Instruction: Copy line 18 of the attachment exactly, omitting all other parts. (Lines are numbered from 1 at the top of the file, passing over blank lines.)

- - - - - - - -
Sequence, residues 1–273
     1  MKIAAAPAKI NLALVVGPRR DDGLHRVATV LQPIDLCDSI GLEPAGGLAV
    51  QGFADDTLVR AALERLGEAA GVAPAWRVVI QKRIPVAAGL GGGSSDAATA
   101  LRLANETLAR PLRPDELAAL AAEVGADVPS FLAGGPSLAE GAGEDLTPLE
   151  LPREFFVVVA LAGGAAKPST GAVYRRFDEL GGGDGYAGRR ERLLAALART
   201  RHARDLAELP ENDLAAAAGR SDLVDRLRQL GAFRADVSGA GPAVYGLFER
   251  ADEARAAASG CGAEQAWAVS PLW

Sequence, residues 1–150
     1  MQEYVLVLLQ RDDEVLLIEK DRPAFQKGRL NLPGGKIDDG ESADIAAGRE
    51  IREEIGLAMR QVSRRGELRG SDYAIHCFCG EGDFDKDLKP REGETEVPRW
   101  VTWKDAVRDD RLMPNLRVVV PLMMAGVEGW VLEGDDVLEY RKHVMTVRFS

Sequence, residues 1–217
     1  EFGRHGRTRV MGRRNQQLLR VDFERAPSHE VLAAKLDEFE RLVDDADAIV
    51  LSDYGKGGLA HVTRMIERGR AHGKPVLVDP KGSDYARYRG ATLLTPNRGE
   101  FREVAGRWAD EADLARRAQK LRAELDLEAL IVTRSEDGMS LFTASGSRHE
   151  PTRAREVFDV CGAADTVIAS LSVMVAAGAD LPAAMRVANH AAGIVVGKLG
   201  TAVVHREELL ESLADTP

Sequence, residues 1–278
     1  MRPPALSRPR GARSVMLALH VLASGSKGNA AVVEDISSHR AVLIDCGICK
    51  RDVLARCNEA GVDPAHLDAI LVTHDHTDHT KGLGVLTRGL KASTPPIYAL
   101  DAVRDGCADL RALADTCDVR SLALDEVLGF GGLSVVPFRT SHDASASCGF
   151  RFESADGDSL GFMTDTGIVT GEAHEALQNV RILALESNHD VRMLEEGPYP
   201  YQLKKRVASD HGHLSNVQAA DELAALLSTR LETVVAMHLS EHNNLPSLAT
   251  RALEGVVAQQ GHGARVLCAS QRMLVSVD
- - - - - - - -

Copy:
Sequence, residues 1–278